'This Week' Transcript: Timothy Geithner

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(BEGIN VIDEOTAPE) TERRY MORAN, ABC NEWS CORRESPONDENT: This was no mirage, it was one of the most stirring and most hopeful events of resent years. A people rising. A dictator falling. A nation, reaching for a new era of freedom. It all seemed so real.

Two months later, Cairo, a city that has seen so many centuries of rulers, and revolutions and conquers, Cairo has returned to its ancient rhythms and ways, but a shadow has fallen across the city, across the hope of those heady revolutionary days.

Eight days ago, violent crashes erupted in Tahrir Square which was the center of the region which was the center of the revolution that toppled President Hosni Mubarak, but this time protesters were targeting the military government that took hit place and promised a transition to democracy. Two were killed, dozens injured. It was an ominous sign of increasing frustration with the change of pace here. And there are other disturbing signs.

He was charged with insulting the army.

MAGED MAHER, ACTIVIST: Yes. Criticizing the army, most of time, considered as insulting.

MORAN: But I thought you had a revolution here?

MAHER: I thought the same.

MORAN: Maged Maher is an activist and a good friend of the imprisoned blogger, Michael Nabil, whose case has become a human rights flash point here.

Nabil was hauled to a military court last month and sentenced to three years in prison for what he wrote.

UNIDENTIFIED MALE: We're not free yet. We went to streets and we shouted loudly that we want freedom. If people go to jail, because of expressing an opinion, so we don't have it yet.

MORAN: So a question hangs over Egypt and the answer to it matters to the whole world.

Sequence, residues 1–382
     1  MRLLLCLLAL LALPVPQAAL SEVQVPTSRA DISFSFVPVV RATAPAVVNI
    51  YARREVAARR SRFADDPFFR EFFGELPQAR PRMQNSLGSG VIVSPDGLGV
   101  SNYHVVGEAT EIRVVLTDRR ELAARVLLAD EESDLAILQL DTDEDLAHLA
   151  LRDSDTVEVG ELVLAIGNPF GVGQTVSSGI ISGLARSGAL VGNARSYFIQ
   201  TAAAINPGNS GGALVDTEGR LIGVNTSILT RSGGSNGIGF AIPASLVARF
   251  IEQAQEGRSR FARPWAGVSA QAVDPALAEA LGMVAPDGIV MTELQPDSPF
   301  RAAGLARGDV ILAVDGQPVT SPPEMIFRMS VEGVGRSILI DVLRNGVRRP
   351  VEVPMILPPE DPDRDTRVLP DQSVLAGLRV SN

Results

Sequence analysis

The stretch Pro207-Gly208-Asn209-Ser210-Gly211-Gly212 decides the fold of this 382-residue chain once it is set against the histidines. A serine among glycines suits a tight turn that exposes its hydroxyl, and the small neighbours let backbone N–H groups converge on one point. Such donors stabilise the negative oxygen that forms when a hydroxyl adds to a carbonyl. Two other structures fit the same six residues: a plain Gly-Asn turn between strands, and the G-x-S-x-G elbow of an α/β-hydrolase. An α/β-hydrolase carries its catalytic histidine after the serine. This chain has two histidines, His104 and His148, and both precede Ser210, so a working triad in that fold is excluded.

Are you free today?

UNIDENTIFIED MALE: We are free. And we are to create the system now.

MORAN: Abdel Rahman Yousuf (ph) is a poet. And he was one of the more prominent activists in the revolution.

We first met him when he was camped out in Tahrir Square during the protests. We returned to the square with him on Friday. A few protesters were there, urging national unity. The biggest security presence was the traffic cops.

And we found Yousef (ph) is still cautiously optimistic like so many Egyptians we met. UNIDENTIFIED MALE: We are free people but we want to be a free nation.

MORAN: It matters so much because Egypt with 85 million people and ancient culture have long been the center of gravity of the whole Arab world. The fall of Hosni Mubarak here helped to light the fires of revolt in country after country.

Gas prices, the dangers of terrorism, relations between Islam and the west, it's all riding on these revolutions. And it turns out, revolution is hard and tricky work, even, perhaps especially in Egypt.

The real question in this country is did they have a revolution or a coupe? The military has power but so do the people and the protesters here. And the situation right now is a delicate, sometimes tense balance between the guns of soldiers and demands of the people.

WAEL GHONIM, GOOGLE EXECUTIVE: I don't think Secretary Clinton was right about the comment of the revolution becoming a mirage.

MORAN: Wael Ghonim, an Egyptian executive with Google is a leader. He helped organize it on Facebook and other social media and he was imprisoned by Mubarak's regime during the protests. Today he too wants to give the military the benefit of the doubt.

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